Showing posts from February, 2015

Interesting Fact - Children

Young children really believe they become invisible if other people can't see their eyes.
(Studies carried out by researchers at the University of Cambridge found that when children aged between 3 and 4 had their eyes covered with masks, they really believed they could not be seen by the researchers.
On being asked to explain how they were made invisible by simply hiding their eyes, many knew that their bodies remained visible, suggesting a childhood distinction between their physical bodies and the 'self' they connect to their eyes.

Peekaboo! The eyes really are the window to the soul.)

Interesting Fact - The Internet

The highly successful travel website Trip Advisor was founded in February 2000 in a small office above a pizza shop called Kosta’s in Needham, Massachusetts, USA.

(15 years later and the reviews on the site now have more than 10 billion words, that's nearly 12,000 times the number of words in the complete works of Shakespeare.

The most reviewed city is London – with over 1.8 million reviews of the city’s hotels, restaurants and attractions.)

Interesting Fact - Books

According to Matthew Jockers, a University of Nebraska English professor, there are about 6 archetypal plot shapes in fiction.

(Using an algorithm that abstracts the structure of plot by looking at how sentiment changes in a story, resulting in a sort of plot graph, from what he calls the man on a hill story - a mainly positive story in which there is a mid-way peak - to the 'man in a hole' story, which tends to follow a character as they get into trouble and crawl back out again.

People have been looking at this for a long time, probably in an attempt to get computers to write best sellers. In 2004, Christopher Booker published The Seven Basic Plots: Why We Tell Stories, in which he suggested there were 7 types of tales: rags to riches; overcoming the monster; the quest; voyage and return; comedy; tragedy, and rebirth.

Way back in the 18th Century, Italian playwright Carlos Gozzi said there were 36 dramatic situations, which included the revolt; the enigma; madness; involunt…

Interesting Food - Coffee

KFC (Kentucky Fried Chicken) has just unveiled the UK’s first edible coffee cup.

(It is made from biscuit, wrapped in sugar paper and lined with a layer of white chocolate. The cup doesn't go soggy, and it allegedly keeps the coffee hot.

They are calling it the Scoff-ee cup (groan).)

Interesting Place - Canada

Edmonton, Alberta, in Canada is considering flooding 11km of cycle paths to provide a route for residents to commute through the city on --- wait for it --- ice skates.

(With winter temperatures of -12C (9.5F) the paths would soon freeze over and the Freezeway would be born. Organisers say they’ll give the project a try, as early as winter 2016.

Interesting Fact - The Plague

Scientists from Norway's University of Oslosay, say the Black Death may not have been caused by rats.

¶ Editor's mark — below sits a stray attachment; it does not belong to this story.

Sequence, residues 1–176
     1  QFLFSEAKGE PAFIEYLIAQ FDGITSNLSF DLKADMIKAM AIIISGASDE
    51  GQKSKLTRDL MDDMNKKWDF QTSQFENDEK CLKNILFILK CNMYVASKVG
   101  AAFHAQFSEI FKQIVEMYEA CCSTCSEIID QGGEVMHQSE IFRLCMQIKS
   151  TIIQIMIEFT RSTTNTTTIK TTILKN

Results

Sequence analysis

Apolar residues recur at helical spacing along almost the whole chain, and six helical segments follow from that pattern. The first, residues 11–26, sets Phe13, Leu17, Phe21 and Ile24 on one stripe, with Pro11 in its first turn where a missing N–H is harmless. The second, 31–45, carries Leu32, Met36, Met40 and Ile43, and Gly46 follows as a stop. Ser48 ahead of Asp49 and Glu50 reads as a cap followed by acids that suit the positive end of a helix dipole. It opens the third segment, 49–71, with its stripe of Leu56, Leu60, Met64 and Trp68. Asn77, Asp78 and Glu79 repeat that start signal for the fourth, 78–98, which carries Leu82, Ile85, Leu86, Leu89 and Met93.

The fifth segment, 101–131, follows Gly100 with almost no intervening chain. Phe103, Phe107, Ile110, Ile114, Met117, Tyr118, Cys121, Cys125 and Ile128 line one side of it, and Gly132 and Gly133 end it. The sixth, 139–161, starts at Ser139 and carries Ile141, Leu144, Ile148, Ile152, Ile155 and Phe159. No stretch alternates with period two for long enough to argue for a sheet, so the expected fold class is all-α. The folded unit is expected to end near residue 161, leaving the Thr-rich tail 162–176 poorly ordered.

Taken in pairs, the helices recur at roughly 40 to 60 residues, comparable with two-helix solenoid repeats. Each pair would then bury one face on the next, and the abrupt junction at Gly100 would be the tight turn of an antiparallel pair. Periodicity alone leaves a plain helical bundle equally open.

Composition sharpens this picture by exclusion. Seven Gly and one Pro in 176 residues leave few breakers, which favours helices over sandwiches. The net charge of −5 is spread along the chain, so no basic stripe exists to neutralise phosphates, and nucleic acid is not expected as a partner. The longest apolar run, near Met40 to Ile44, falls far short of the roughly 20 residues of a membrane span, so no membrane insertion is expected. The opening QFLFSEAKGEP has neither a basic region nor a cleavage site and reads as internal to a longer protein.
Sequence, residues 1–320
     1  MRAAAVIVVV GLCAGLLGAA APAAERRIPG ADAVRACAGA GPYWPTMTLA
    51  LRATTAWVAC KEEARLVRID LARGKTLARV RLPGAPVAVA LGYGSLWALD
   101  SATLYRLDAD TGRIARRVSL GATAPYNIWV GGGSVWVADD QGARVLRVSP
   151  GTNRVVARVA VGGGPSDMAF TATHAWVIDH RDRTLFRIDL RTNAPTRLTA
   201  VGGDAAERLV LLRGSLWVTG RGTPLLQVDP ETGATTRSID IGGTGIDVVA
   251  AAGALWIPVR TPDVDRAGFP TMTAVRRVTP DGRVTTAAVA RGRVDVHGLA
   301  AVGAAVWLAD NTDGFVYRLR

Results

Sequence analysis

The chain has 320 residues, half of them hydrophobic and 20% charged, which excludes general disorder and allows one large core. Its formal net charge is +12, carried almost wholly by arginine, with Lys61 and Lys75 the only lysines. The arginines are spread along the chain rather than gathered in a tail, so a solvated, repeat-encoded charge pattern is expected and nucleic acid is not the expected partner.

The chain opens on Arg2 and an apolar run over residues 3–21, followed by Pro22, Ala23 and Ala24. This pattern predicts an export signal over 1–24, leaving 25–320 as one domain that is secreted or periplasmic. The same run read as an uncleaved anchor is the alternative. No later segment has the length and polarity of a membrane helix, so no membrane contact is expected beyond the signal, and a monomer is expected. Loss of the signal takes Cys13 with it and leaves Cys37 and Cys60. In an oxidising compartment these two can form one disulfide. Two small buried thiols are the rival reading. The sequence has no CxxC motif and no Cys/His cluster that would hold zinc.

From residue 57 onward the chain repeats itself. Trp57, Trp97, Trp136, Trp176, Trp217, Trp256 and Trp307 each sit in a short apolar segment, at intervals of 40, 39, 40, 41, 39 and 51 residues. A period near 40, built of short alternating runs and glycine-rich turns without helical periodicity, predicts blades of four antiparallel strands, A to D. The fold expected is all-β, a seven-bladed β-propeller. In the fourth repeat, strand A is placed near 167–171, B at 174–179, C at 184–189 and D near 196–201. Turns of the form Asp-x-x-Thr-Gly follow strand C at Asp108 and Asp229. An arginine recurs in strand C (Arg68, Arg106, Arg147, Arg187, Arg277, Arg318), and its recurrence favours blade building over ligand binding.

(The study, published in the Proceedings of the National Academy of Sciences, hypothesises that it could have been spread by gerbils who arrived from Asia.

Poor rats. They always get the blame for everything.)

Interesting Food - Peanuts

Almost one in 50 children in the UK is allergic to peanuts, double the rate of ten years ago.

(The innocent looking legume can cause reactions as mild as itching and redness; but in other cases, it can produce vomiting, diarrhoea and anaphylactic shock, where the throat and airways swell and become severely inflamed, preventing breathing. 
You don't even need to eat a nut; peanut oil can be found in anything from processed food and sweets to cosmetics and lipstick. The condition kills more people than any other food allergy.)

Interesting Words - Elementary

Sad to say, Sherlock Holmes never said ‘Elementary, my dear Watson!’ in the books written by Sir Arthur Conan Doyle.

(Holmes did use the word ‘elementary’ in The Crooked Man (1894):-

“I have the advantage of knowing your habits, my dear Watson,” said he.

“Excellent!” I cried.
“Elementary,” said he.
The phrase, ‘Elementary, my dear Watson’ was penned 21 years later by P.G. Wodehouse in his novel Psmith, Journalist, and the phrase is also uttered at the very end of the 1929 film, The Return of Sherlock Holmes, the first Sherlock Holmes sound film.)

Interesting Number - 40

40 is the only number in English that, when written out as a word, has its letters in alphabetical order.
(1 has its letters in alphabetical order - backwards.  Try it!)

Interesting Animal - The Limpet

Research carried out in the UK has revealed that nature's strongest biological material is to be found in the teeth of a limpet.

(The publication, in the Royal Society's journal Interface, says that the teeth are made of a mineral-protein composite, which was found not only to be stronger than spider silk, but the very strongest of man-made materials too: stronger than Kevlar fibres and almost as good as the best high-performance carbon fibre materials.

The idiom to stick or cling like a limpet, makes more sense now: it means to refuse to let go of something or someone.)

Interesting Fact - Tattoos

According to a report on CBC news, about research carried out by IBISWorld market research, the tattoo industry in the US it's worth a staggering $75.5 million up 500 per cent from ten years ago, but the industry in the UK is said to be worth £80m a year!

(As anyone who came to our sessions last year, getting inked is no longer the taboo it once was, and it's also big money.)

Interesting Food - Chocolate

According to a survey conducted by the British Heart Foundation, we Brits go to great lengths to conceal our chocolate eating habits from our partners.
(Apparently many of us have a secret stash of chocolate, and a quarter of us hide our supplies in our drawer at work, a sixth in the bedside table, and a tenth of us hide it in the glove compartment of our car.

I put mine in the fridge, not because I want to hide it, I just like cold chocolate.)

Interesting Fact - Football

Sky TV and BT Sport have paid £5.1 billion for the TV rights to the Premier League from 2016 to 2019.

(Sky paid £4.2bn for five of the seven TV packages ( £11.07m per match), while rival BT paid £960m ( £7.6m per game) for the other two in a TV rights auction.